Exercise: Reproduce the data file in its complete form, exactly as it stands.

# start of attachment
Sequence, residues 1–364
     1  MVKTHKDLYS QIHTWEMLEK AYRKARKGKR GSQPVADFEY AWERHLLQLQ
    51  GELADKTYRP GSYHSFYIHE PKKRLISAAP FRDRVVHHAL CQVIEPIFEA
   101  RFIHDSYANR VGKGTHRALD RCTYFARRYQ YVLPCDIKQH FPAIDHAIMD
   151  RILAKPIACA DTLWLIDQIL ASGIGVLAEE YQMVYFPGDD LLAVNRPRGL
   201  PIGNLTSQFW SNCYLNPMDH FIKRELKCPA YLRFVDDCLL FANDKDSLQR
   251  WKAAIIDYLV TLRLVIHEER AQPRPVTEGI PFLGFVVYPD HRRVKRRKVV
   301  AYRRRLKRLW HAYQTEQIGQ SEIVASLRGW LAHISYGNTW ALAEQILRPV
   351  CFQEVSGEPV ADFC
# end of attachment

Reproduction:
Sequence, residues 1–364
     1  MVKTHKDLYS QIHTWEMLEK AYRKARKGKR GSQPVADFEY AWERHLLQLQ
    51  GELADKTYRP GSYHSFYIHE PKKRLISAAP FRDRVVHHAL CQVIEPIFEA
   101  RFIHDSYANR VGKGTHRALD RCTYFARRYQ YVLPCDIKQH FPAIDHAIMD
   151  RILAKPIACA DTLWLIDQIL ASGIGVLAEE YQMVYFPGDD LLAVNRPRGL
   201  PIGNLTSQFW SNCYLNPMDH FIKRELKCPA YLRFVDDCLL FANDKDSLQR
   251  WKAAIIDYLV TLRLVIHEER AQPRPVTEGI PFLGFVVYPD HRRVKRRKVV
   301  AYRRRLKRLW HAYQTEQIGQ SEIVASLRGW LAHISYGNTW ALAEQILRPV
   351  CFQEVSGEPV ADFC